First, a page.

Another way it can help is if you decide to pursue crowdfunding or venture capital. Elements of your business plan can be used to create a successful crowdfunding campaign or pitch deck. 

Get Your Financial Documents in Order

A significant amount of business success is due to preparation. Preparing for financing is no different. Get all your documentation in order and stored in a place where it’s easy to access, so when you apply you can give the lender the information it needs to make a decision.

Be prepared to share the following, if requested:

  • Business bank statements for the last 3—6 months. (If you’re using a personal bank account for your business, switch to a business checking account.) 
  • Financial statements such as profit and loss statements, balance sheet, etc. Your business bookkeeping should be up to date so you’ll be able to quickly and easily share that information. 
  • Personal and business tax returns for the past 2—3 years, if available. Again, not every lender will require this information but some may. 
  • List (or schedule) of business assets and value
  • Schedule of business debts including amounts owed and repayment terms. 

Demonstrate Your Ability to Repay the Loan

You may have heard of the 5 C’s of credit: character, creditworthiness, capital, collateral and capacity. Of these, capacity refers to the borrower’s ability to repay the loan from cash flow. The lender may use business bank account data and/or financial statements to determine whether you have the capacity to pay back financing. 

Types of Small Business Loans

When you start shopping for business financing you may be surprised at the sheer variety of loan products available. Some of the most popular types of small business financing include: 

Lines of credit: A business line of credit gives you funding you can draw from when you need it.  Borrow up to your credit limit, pay it back, and do it again. LOCs are often best for short-term needs, including working capital. 

Term loan: Here you borrow a fixed loan amount for a fixed period of time and pay it back with a predictable repayment schedule. 

SBA loans: Most SBA loans are guaranteed by the U.S. Small Business Administration but made by approved lenders such as banks and other financial institutions. There are a variety of SBA loan programs, including 7(a), 504 loans and Export loans. (Disaster loans are made directly by the SBA.) 

Business credit cards. A popular source of financing for startups, small business credit cards provide a line of credit you can borrow against when needed. If you get a card with a low Annual Percentage Rate (including 0% APR intro offers), you can minimize interest costs when you borrow.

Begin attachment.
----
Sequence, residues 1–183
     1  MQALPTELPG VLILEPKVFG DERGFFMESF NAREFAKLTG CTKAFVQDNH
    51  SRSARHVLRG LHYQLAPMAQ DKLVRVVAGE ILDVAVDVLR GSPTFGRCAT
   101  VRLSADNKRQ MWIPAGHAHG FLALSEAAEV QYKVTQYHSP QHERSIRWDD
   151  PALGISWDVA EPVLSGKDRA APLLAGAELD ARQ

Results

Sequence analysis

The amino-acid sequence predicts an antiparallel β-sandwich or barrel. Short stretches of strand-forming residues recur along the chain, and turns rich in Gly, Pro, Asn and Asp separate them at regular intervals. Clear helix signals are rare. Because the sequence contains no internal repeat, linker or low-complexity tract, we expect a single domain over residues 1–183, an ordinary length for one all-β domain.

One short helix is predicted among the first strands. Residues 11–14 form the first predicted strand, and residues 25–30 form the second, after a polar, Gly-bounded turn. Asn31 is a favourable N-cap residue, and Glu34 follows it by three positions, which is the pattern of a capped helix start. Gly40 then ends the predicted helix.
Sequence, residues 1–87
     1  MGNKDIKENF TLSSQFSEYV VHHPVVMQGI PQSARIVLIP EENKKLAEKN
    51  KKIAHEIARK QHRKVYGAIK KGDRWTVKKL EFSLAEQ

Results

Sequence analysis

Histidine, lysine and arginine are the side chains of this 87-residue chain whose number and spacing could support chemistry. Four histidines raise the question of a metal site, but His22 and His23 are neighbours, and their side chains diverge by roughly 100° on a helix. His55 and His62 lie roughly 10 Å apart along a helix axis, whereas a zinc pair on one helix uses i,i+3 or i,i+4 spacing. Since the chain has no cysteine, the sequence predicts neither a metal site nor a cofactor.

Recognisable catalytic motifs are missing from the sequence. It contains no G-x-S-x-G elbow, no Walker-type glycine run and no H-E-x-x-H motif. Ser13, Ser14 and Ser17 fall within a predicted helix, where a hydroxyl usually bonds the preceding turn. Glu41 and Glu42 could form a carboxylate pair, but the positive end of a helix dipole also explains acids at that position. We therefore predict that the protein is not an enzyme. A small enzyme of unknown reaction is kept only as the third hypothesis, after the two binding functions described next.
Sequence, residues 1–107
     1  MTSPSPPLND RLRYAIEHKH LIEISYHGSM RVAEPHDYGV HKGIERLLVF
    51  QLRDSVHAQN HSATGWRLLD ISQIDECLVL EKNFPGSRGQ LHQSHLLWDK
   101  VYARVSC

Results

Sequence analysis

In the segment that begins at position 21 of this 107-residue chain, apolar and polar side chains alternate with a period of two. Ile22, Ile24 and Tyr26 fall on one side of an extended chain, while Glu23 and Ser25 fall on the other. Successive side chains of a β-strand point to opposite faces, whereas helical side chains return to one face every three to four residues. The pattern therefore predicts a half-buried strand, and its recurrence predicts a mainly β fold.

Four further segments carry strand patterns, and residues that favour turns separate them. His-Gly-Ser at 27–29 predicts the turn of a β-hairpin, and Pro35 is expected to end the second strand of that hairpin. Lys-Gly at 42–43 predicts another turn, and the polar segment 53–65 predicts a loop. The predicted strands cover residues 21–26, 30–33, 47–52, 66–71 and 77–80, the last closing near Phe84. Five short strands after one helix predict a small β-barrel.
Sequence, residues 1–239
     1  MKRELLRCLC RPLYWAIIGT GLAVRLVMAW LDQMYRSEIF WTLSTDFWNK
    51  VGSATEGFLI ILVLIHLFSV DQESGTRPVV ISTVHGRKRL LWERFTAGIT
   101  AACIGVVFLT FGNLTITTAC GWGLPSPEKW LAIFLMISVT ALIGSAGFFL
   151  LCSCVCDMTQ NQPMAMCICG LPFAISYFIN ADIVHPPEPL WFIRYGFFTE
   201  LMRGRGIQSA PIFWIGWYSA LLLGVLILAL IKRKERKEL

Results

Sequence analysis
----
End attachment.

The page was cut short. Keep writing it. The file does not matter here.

Invoice financing. Businesses that invoice other businesses (B2B) may speed up the time to get paid by using invoice factoring or financing. Here, the credit of the company that owes the invoice is often more important. 

Business cash advances. Business and merchant cash advances are a type of financing that’s based more on past sales than on factors like credit. In other words, you probably don’t need great credit to qualify.

Equipment financing. Businesses that need equipment, ranging from computers to heavy machinery, may use equipment financing or leasing to acquire equipment and improve cash flow. 

Commercial real estate. If you need to acquire real estate or improve property your business owns, commercial real estate loans may help. These loans may be made by banks or credit unions, financing companies or even hard money lenders. Some SBA loans may be used for real estate purposes. 

Common Reasons for Loan Denial

You may not always fully understand why you were turned down for a business loan. Unlike consumer loans, business loans don’t always require a full disclosure of why your application wasn’t approved. (Here’s what small business lenders must tell you when you apply.) 

Still there are some common factors that can land a loan application in the rejection pile:

Poor Credit History

Lenders want to avoid unnecessary risk and lending to small businesses already carries inherent risk since many businesses don’t last. Credit history is often used as one proxy for risk. If a borrower has paid loans on time in the past, they are more likely to do so in the future. In the 5 C’s of credit mentioned earlier, creditworthiness is an important factor. 

If you have bad credit, understand that you’ll have fewer choices when it comes to financing. It’s even harder if your business is a startup, since bad credit startup loans aren’t widely available. 

But fewer options doesn’t mean no options. Financing options for businesses with bad credit can include loans that are based on business revenues (like invoice financing or business cash advances) as well as more creative options like microloans (including SBA microloans), crowdfunding, or loans from Kiva which offers a hybrid of the two. 

Insufficient Cash Flow

Debt service coverage ratio is a popular ratio that lenders use to help quantify the ability of a business to pay back a loan. Calculating your DSCR (or asking your accounting professional to help you) can be useful when trying to understand how much you can borrow. 

If your business has seasonal fluctuations in income, make sure you work with a lender that understands your type of business. 

Lack of Collateral

Collateral is property you pledge to secure a loan. Collateral can come in the form of business assets (such as equipment, real estate, inventory or even accounts receivables) or personal assets (such as home equity). 

Not all business loans require collateral, but often lenders prefer to get collateral when they can. Most SBA loans, for example, can’t be turned down solely because of lack of collateral but when it’s available it is required—including home equity. 

Conclusion: The Loan Approval Process

If you’re approaching the business loan process with a fear of the unknown, realize that just like figuring out how to start a business, you can figure this out.

Getting your information in order and preparing as much as you can will help make it easier. Lean on professionals like your accounting professional or even a SCORE mentor or SBDC advisor to help you prepare. 

Nav can help you compare business loans and know what you can qualify for before you apply. You can view your top financial options from 160+ trusted loans and credit cards based on your business data. It’s simple to get started

Frequently Asked Questions About the Business Loan Approval Process